Bob Carr – Keep the peace between China and the US: our goal

Aug 6, 2022
Two chairs with flags of China and Australia isolated on white
Image: iStock

If there is conflict between the US and China this is how things might go- a crisis meeting of the Australian cabinet with a resigned air and desultory exchanges, until someone – defence minister or prime minister – says something like, “Well, there’s no alternative, is there?”

And the war comes, to strains of the World War I recruiting song “Australia Will Be There.” The vision is pure dystopia, our national nightmare. It could spell the end of the Australian national story as we know it.

There had once been a strategic ambiguity about the question whether we join such a showdown. But the China Panic unleashed by Malcolm Turnbull and John Garnaut in 2017 disposed of any notion that we could decide when the time comes. It was later given full expression with Marise Payne’s astonishing statement on “weapons inspectors” to Wuhan. In retrospect this concentrated Panic of 2017 to 2022 delivered one essential underlying shift. We went from keeping open our options in the event of such a war, to being signed up to automatically enter it on day one. Maybe this had been the goal of the China Panic from the very start.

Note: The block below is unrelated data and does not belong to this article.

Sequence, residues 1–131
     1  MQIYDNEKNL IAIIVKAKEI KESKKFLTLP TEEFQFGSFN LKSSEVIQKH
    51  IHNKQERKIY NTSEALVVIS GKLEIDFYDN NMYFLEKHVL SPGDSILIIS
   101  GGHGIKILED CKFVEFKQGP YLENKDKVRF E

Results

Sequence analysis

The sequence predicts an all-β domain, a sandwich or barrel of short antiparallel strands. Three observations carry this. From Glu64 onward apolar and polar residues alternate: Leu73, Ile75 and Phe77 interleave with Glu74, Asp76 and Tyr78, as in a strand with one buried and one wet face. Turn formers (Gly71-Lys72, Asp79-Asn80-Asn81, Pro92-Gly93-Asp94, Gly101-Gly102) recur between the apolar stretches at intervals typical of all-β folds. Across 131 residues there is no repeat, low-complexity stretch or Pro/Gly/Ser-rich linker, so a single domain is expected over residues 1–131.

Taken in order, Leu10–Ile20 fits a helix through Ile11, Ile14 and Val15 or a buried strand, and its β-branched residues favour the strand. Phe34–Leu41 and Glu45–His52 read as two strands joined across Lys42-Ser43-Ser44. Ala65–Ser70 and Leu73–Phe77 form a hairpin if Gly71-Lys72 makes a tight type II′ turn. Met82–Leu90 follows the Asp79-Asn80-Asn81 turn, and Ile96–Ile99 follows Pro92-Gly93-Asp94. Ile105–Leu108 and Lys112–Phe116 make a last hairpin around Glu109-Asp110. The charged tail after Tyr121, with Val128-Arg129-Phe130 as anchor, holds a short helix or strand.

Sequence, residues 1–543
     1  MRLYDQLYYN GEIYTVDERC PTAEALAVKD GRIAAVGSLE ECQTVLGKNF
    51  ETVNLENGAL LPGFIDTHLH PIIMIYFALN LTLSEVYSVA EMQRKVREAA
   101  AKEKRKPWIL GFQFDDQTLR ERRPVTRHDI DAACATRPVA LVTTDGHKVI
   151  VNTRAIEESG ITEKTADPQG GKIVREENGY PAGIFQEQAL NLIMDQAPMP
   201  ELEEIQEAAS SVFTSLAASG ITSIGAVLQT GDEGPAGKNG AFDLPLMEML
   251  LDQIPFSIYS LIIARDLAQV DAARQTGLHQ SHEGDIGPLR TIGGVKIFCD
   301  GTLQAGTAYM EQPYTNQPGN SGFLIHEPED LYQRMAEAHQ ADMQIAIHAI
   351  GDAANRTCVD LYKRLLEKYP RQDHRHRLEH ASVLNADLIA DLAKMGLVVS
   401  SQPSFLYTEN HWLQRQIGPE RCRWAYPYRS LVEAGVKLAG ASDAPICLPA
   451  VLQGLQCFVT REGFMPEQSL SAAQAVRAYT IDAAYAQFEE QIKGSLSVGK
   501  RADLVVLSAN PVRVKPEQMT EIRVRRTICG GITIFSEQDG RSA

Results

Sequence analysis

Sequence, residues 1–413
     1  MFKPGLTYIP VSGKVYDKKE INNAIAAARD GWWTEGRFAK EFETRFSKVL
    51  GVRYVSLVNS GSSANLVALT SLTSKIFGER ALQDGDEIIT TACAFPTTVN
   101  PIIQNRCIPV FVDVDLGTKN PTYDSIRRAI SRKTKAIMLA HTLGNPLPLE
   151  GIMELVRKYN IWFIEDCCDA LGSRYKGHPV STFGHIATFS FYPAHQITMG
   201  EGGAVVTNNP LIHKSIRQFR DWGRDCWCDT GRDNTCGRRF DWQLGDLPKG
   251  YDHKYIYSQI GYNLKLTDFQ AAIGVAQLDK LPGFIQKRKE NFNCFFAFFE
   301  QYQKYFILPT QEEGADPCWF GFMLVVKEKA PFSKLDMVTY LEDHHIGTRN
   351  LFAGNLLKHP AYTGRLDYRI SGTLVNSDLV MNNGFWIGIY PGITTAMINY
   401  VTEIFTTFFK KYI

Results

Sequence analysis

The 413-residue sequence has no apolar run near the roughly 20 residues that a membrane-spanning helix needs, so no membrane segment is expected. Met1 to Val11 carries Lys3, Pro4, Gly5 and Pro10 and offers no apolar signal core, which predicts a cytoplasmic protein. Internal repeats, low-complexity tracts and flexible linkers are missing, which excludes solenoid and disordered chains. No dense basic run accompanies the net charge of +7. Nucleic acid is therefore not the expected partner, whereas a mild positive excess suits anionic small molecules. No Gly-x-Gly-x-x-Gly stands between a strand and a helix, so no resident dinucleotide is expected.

The shift was captured by Peter Dutton on November 12 2021 saying, “It would be inconceivable that we wouldn’t support the US in an action if the US chose to take that action.” Inconceivable? Hitherto we had said such talk was hypothetical and had never given away our sovereign right to decide for ourselves. Menzies had rejected Taiwan commitments on half a dozen occasions. Alexander Downer gushed in 2004 that on Taiwan the ANZUS strategy would not apply. Bold, unrehearsed but the truth- until then.

Prime Minister Malcolm Turnbull had assiduously paved the way for the shift- a shift that, in retrospect may have been the most fateful decision of his Prime Ministership. He turned the inevitable decision to exclude Huawei into a gesture of fealty to Donald Trump, permitted our security agencies to advertise they were promoting that decision to our Five Eyes partners, chose to parody Chairman Mao in the Australian parliament when he introduced foreign influence laws and called for a US arms build-up in the Asia Pacific.

The new Labor government has tugged Australia’s diplomatic language back to where it had always been before the Turnbull-Dutton-Garnaut heresy. This may be the single most weighty contribution of the Albanese government. Even before the election Albanese and Wong had made it clear they weren’t being influenced by the new orthodoxy that declared it “inconceivable” that Australia would not join a war over Taiwan.

Throughout October and November 2021, Wong repeatedly called for the maintenance of the status quo over Taiwan. In a speech on November 23 2021 she criticised Dutton:

When Peter Dutton talks about it being ‘inconceivable’ that Australian would not ‘join’ a war over Taiwan, he is wildly out of step with the strategy long adopted by Australia and our principal ally.

On November 29 Anthony Albanese said of the then-Defence Minister’s stance: